The process is used heavily in the chemical industry, for example, to produce ethylene, many forms of carbon, and other chemicals from petroleum, coal, and even wood, to produce coke from coal. Aspirational applications of pyrolysis would convert biomass into syngas and biochar, waste plastics back into usable oil, or waste into safely disposable substances.



To further clarify how this process is used in Industries currently;

Pyrolysis is also used for thermal cleaning, an industrial application to remove organic substances such as polymers, plastics and coatings from parts, products or production components like extruder screws, spinnerets and static mixers. During the thermal cleaning process, at temperatures between 600 °F to 1000 °F (310 C° to 540 C°), organic material is converted by pyrolysis and oxidation into volatile organic compounds, hydrocarbons and carbonized gas. Inorganic elements remain.

Several types of thermal cleaning systems use pyrolysis:
Molten Salt Baths belong to the oldest thermal cleaning systems; cleaning with a molten salt bath is very fast but implies the risk of dangerous splatters, or other potential hazards connected with the use of salt baths, like explosions or highly toxic hydrogen cyanide gas.
Fluidized Bed Systems use sand or aluminium oxide as heating medium; these systems also clean very fast but the medium does not melt or boil, nor emit any vapors or odors; the cleaning process takes one to two hours.
Vacuum Ovens use pyrolysis in a vacuum avoiding uncontrolled combustion inside the cleaning chamber; the cleaning process takes 8to 30 hours.
Burn-Off Ovens, also known as Heat-Cleaning Ovens, are gas-fired and used in the painting, coatings, electric motors and plastics industries for removing organics from heavy and large metal parts.



What all that means to us is that if we can obtain materials that have gone through this process, we are dealing with things that have already been broken down (to a point) by extreme heat in the absence of O2 and thereby are supposed to have fewer large compounds.
In the case of most heavy metals, there isn't much breakdown since these are very stable molecules, but there will be some degredation of some bonds, making it easier to decompose the heavy metals in the presence of bacterial enzymes.
Time is our main factor once we have the organisms present in large enough quantities, the longer we can wait to attempt to use the compost, the better the break down will be.
In the case of zinc, there will be several different forms of zinc produced by enzymatic actions, some of these will be bound and not readily available to plants, requiring more enzymatic action before there would be an over abundance of water soluble zinc.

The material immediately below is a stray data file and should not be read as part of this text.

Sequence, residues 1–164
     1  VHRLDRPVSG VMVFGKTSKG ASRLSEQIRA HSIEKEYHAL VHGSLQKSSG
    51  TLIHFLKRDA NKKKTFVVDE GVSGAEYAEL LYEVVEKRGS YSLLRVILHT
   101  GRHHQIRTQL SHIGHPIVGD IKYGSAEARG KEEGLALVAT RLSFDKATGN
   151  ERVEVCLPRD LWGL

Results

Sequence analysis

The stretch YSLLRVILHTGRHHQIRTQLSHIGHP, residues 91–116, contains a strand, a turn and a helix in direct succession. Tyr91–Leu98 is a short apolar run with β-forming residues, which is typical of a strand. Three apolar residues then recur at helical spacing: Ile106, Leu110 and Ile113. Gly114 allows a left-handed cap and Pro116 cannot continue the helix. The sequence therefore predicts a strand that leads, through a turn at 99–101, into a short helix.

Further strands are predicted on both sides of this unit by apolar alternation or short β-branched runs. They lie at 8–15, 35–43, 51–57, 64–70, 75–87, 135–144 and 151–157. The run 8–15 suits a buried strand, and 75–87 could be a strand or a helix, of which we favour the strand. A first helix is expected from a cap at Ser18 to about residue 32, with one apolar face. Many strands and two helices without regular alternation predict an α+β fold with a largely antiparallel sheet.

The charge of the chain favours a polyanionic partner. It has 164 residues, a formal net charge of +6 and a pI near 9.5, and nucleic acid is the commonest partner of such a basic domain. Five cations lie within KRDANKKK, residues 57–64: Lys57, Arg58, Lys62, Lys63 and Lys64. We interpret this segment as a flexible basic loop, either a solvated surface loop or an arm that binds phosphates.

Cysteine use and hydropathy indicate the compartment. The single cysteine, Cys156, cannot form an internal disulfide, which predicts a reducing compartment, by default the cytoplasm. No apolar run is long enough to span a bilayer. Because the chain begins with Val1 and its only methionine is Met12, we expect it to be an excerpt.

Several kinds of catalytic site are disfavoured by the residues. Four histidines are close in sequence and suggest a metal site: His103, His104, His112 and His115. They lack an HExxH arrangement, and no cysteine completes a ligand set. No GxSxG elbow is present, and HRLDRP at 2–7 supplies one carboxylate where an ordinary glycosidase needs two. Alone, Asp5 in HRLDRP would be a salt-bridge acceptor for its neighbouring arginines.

While all fungi work on breaking down certain compounds, some species only break down the specific materials they need for nutrients, others are non discriminant and will break down almost any mineral or compounded mineral they come across, other work in symbiotic relations with bacteria and other organisms to accomplish a total breakdown of compounds. This is why we inoculate a composting heap, to get specific organisms growing where we want them to grow.

Redhawk
 
John Duda
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When many are scared away from using manure that'll leave more for me and also give me a better choice.

My biggest problem is that I don't like manure where the animals were bedded in wood chips.

 
Bryant RedHawk
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Sorry John, the purpose of this thread is to remove the fears of using materials, not encourage the fearfulness.
But since this is a regional thing, and not everyone lives in the same region, your supply should be safe.

It sounds like you might be missing some really good composting materials by leaving wood chip bedding behind, but that gives others an opportunity.
 
John Duda
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Bryant:

Right now I have a sign down at the intersection with the main road requesting wood chips. I'm in the process of getting a new garden ready for root crops next season. I feel really well composted manure is better for that purpose than wood chips or manure that is 90% wood chips.  When I get a load/loads of wood chips then I'll consider shoveling manure on top. For that purpose I might use urine soaked wood chips, but would choose urine soaked manure if that is still available.